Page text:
Mr. Quigley. Thank you, Mr. Chairman. It's an honor to testify before the Subcommittee. I'd like to talk to you about two programs, both within the jurisdiction of the Subcommittee and both up for reauthorization. One is the Civic Education Program that's Part F of Title X of the 1994 amendments to ESEA. The other is the International Education Program that's Title VI of the Goals 2000 Educate America Act.

The Civic Education Program, better known as We The People Program, began in 1985 as a cosponsored program of the Commission on the Bicentennial of the United States Constitution. It's success led to its inclusion in the 1988 ESEA amendments. The We The People Program is first and foremost an innovative instruction program for upper elementary, middle and high school students. It provides students a working knowledge of our Constitution, Bill of Rights, and the principles of democratic government. It also fosters the development of both critical thinking and participatory skills.

Perhaps the most distinguishing feature of the program is the simulated Congressional hearing where all students in class work cooperatively in teams to prep and deliver all testimony on Constitutional topics. Preparation for the hearing develops a student's interest in class participation, leadership and public speaking skills.

One principal said he values the course because, quote, "It shows kids there are ways other than violence to work through disagreement". At the high school level teachers may enter their classes in a competition that begins at the congressional district level and culminates in national finals held here in Washington D.C. An event David Broder just recently describes as, quote, "The place to have your faith in the younger generation restored."

The We The People Program has involved more than 26.5 million students in 24,000 elementary and secondary schools and every congressional district in the United States. More than 82,000 teachers have participated in the program and more than 80,000 sets of textbooks have been distributed free to schools throughout the Nation. Success however is measure in more than numbers.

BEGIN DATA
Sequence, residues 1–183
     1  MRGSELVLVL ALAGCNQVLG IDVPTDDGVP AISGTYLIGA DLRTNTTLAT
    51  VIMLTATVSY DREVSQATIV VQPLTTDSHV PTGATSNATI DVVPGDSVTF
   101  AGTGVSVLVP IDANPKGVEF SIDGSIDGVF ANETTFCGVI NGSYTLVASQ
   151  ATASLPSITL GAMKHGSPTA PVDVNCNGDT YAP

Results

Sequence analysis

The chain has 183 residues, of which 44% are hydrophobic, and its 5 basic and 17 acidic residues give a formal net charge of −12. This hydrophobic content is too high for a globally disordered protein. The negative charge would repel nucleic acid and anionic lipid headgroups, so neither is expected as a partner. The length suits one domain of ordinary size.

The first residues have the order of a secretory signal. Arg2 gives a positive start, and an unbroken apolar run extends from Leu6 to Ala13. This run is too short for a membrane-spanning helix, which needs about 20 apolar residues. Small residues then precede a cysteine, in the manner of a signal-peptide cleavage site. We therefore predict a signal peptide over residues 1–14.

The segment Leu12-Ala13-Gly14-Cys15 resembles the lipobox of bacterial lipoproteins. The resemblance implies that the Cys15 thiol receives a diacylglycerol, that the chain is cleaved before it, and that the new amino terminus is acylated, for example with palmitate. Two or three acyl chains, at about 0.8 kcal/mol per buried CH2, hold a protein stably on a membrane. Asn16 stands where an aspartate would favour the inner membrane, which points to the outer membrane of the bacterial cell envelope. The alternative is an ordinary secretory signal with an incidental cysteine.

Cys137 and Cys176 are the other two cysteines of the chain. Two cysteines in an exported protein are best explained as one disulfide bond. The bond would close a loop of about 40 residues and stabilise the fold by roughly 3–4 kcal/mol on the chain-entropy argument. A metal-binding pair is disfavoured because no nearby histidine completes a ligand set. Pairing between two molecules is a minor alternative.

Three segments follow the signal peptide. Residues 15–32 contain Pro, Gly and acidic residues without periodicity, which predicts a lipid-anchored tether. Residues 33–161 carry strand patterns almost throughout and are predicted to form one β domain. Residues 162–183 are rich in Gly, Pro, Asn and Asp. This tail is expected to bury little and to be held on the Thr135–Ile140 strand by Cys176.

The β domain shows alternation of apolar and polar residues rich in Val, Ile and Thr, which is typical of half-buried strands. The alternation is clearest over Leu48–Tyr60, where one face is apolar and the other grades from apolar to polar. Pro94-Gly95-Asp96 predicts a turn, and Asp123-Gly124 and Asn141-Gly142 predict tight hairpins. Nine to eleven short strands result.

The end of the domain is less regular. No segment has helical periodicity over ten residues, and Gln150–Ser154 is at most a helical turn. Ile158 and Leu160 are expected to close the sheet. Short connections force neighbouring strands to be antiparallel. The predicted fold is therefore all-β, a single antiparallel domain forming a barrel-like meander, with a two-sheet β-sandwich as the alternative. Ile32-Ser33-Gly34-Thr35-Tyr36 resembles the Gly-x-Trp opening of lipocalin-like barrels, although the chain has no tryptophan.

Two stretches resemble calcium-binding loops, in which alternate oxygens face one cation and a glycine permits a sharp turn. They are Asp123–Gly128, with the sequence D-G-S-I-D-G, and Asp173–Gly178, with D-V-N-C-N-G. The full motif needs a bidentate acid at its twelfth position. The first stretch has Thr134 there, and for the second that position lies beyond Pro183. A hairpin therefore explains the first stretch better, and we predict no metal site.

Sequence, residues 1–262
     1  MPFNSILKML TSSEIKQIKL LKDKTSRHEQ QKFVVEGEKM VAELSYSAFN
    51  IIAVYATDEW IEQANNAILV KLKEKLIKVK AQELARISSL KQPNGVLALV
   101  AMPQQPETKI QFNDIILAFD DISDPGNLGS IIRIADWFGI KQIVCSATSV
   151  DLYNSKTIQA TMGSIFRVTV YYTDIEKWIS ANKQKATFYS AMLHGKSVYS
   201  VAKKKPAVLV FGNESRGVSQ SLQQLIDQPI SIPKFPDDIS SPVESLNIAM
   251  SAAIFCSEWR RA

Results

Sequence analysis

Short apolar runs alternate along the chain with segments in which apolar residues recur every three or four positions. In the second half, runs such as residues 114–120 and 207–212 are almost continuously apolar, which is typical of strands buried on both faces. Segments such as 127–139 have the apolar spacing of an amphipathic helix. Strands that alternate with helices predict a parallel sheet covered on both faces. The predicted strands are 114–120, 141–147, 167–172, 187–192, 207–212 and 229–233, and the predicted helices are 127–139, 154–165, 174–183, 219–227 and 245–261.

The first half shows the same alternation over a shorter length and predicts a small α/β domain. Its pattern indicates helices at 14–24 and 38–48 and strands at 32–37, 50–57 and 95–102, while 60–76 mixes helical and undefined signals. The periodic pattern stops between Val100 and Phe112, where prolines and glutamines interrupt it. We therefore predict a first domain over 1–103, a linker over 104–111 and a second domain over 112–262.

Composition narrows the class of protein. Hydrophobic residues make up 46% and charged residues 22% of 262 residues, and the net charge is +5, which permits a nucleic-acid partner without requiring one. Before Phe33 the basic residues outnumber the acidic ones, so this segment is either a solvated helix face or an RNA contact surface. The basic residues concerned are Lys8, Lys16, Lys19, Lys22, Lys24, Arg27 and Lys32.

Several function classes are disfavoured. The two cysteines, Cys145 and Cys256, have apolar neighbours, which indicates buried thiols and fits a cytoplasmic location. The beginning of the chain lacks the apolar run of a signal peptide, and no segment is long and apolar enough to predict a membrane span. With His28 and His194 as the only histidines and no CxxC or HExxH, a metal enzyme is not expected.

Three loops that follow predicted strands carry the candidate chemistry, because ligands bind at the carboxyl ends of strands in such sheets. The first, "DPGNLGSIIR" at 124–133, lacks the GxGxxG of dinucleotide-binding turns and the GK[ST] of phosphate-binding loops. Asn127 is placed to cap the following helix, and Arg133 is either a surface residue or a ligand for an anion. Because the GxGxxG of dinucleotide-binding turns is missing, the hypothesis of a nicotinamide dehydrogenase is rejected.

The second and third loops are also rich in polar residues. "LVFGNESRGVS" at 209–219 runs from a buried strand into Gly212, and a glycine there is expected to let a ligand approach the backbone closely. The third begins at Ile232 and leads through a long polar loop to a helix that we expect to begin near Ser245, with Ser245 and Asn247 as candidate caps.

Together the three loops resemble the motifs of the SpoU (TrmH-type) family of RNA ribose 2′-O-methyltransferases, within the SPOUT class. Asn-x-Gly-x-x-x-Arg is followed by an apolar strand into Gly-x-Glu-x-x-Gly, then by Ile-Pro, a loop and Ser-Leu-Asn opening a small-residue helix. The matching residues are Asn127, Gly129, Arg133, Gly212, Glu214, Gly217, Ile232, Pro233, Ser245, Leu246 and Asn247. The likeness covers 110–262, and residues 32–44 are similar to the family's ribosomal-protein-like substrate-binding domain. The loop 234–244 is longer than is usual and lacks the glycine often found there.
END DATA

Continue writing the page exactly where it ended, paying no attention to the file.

An evaluation of the program conducted by a Stanford University professor concluded that high school students participating in the We The People Program become significantly more committed than others to the beliefs, attitudes and values essential to a functioning democracy. The Educational Testing Service found the students at all levels significantly out performed comparison students in their knowledge and understanding of the U.S. Constitution, the Bill of Rights, as well as their underlying philosophical principles.

While we've accomplished a great deal in our small program, it would appear that we are swimming upstream. This year the National Association of Secretaries of State found that fewer than 20 percent of 18 to 24 year olds voted, and concluded that our Nation is at risk of losing this generation's participation in democracy.

According to a national survey college freshmen two years ago exhibited higher levels of political disengagement than any previous entering class of students. In short, it's painfully clear that we have only scratched the surface and that much more has to be done. The International Education Program began in 1994, when former Senator Claiborne Pell included the legislation in Goals 2000. Several years earlier he saw the need civic education assistance to emerging democracies in Eastern Europe and the former Soviet Union. This program is the result of that concern.

Today educators in 15 American states are linked in established partnerships with more than 17 fragile emerging democracies. This year alone, almost 56,000 U.S. students and more than 550 U.S. educators, along with 225,000 students and more than 2,000 educators from emerging democracies have been provided training in the principles of democracy and the responsibilities of living in a free society.

An opportunity for influence on this scale has seldom existed since our founding fathers faced some of the same seminal philosophical issues 224 years ago. Students and teachers here in the United States are learning from those with first-hand experience about the difficulties of building an open, free and democratic society. They are interacting with teachers, administrators, and government officials who are literally on the front line of democracy in their respective homelands.